Saturday, November 07, 2009

Building a Non-School Strategy

Over the past few day's I've reviewed the handouts I received at the Nov. 4 Drop Out Prevention Summit in Illinois. Here are some articles about the "drop out crisis" that I've posted on this blog. You can see that this is not a new crisis to me.

Most of the material I've looked at calls for a "school centered" strategy. However, the paper titled, Ensuring Workforce Skills of the Future: The Birth to Work Pipeline, talks about the disconnect between education strategies and workforce development priorities.

One report Titled "Closing the Graduation Gap: Cities in Crisis" focuses on the 50 largest cities in America where the size of the school age population, and the size of the geography, makes the solutions more complex than what faces smaller communities. Here's a link to a article I wrote in January 2008 about "locating the drop out crisis".

In Chicago and these other cities we need business leadership strategies that focus on other channels than public schools for connecting kids with adults who help build aspirations, and motivations, that help keep them in school, and point them at 21st century jobs and careers.

These channels can be non-school tutor/mentor programs, or they can be the Internet, or both. However, without devoting a part of the funding pie to making these programs available, as "distribution centers" for business and career mentoring ideas, there won't be enough programs reaching kids in high poverty areas, and the programs won't have enough experienced, motivated leaders, able to facilitate the involvement of business volunteers, and the integration of eLearning, mentoring and tutoring at each location.

Using the Chicago Program Links and Tutor/Mentor Program Locator, business leaders can build giving strategies that support one or more programs on an ongoing basis, and assure that each program has multiple sources of volunteers, and of operating dollars.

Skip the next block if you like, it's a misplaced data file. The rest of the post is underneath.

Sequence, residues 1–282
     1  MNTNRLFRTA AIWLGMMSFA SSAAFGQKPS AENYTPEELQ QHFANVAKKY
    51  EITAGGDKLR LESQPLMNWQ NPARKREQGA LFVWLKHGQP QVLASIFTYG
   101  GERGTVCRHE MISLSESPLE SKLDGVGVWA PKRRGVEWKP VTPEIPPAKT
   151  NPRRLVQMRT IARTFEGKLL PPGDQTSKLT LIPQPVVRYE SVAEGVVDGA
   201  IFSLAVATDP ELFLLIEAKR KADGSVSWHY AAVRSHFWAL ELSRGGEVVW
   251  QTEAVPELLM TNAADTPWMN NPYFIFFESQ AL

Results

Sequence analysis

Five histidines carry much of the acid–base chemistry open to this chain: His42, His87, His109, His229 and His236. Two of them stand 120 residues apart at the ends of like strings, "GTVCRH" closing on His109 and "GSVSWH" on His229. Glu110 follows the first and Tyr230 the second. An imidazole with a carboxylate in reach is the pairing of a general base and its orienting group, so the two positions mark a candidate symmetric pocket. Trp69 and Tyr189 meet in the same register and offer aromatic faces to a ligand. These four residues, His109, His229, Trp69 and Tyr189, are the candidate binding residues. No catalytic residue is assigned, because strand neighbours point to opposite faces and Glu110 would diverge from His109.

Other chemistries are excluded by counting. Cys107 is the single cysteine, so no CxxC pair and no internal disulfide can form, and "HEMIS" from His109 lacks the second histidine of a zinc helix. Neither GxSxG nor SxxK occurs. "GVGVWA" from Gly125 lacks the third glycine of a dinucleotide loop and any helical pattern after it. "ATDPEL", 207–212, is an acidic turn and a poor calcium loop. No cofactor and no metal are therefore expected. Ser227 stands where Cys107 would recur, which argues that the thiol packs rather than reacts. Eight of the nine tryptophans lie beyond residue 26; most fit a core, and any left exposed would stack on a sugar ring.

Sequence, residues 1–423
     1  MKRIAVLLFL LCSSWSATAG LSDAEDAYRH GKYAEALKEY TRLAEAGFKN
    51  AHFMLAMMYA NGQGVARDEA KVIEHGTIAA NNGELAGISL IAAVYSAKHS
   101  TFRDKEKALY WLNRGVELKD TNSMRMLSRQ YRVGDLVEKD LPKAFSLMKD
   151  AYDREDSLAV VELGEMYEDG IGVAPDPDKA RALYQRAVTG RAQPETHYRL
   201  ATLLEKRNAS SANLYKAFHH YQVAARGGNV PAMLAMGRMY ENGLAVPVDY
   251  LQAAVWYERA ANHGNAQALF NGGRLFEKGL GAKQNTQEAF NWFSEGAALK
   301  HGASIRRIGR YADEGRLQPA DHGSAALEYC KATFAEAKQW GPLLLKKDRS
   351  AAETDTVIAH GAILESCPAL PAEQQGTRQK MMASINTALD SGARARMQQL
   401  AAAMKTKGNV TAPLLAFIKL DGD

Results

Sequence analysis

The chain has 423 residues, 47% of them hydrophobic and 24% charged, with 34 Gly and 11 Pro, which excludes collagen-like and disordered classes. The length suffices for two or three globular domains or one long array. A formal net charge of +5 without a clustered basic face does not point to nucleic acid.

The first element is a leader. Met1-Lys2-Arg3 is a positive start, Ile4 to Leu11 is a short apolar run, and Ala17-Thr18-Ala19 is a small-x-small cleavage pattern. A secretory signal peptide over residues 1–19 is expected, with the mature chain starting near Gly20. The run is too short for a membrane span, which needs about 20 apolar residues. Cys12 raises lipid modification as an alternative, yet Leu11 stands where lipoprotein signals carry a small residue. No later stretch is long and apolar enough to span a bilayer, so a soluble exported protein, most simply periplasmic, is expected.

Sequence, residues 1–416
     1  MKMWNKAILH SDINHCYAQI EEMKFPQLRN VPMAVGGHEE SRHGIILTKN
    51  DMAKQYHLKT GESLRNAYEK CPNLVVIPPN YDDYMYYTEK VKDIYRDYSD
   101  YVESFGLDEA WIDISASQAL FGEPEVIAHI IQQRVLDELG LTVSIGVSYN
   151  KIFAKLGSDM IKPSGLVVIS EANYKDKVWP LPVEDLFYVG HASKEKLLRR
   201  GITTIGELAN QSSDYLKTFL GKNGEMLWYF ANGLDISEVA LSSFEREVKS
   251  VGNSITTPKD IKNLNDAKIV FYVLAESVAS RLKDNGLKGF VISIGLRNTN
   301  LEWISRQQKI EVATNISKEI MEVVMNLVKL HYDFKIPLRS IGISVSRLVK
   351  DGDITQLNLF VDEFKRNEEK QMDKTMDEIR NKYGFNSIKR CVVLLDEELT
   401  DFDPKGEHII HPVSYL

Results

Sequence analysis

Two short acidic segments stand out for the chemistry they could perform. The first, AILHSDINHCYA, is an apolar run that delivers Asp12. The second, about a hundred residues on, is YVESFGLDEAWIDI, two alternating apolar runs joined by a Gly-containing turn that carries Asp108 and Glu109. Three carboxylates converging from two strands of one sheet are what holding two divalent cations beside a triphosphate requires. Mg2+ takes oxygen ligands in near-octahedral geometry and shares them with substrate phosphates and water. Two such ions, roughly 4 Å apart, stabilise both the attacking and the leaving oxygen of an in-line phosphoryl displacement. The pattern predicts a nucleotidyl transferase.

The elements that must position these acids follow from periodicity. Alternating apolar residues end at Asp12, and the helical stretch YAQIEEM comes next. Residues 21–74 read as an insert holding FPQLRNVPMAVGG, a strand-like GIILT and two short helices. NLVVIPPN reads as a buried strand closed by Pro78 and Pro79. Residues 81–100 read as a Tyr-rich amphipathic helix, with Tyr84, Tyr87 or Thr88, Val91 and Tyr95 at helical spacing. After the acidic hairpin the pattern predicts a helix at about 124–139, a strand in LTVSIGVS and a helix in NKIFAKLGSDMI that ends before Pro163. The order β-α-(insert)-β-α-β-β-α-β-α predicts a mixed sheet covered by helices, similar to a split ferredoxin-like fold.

If your business, faith group, social or alumni group would like to create a strategy to support tutor/mentor programs, contact the T/MC at 312-492-9614, or attend the Tutor/Mentor Leadership and Networking Conference on Nov. 19 and 20.


Aravinda said...

I would love to connect with Aon's Community Affairs department and Business Networking Groups to see where there is an opportunity to get involved. I know we currently are partnering with a program (the name escapes me right now) that allows our employees to read to children on their lunch breaks. I'm sure there are similar opportunities for our people to lend their talents to the children of Cabrini Connections.

Tutor Mentor Connections said...

That is my goal. If teams of people at different businesses, faith groups and hospitals will spend time reading these articles, and reflecting on ways they could put them to work from their companies, we would unleash a wealth of support to help tutor/mentor programs connect to inner city kids, and connect those kids in pipelines to jobs and careers.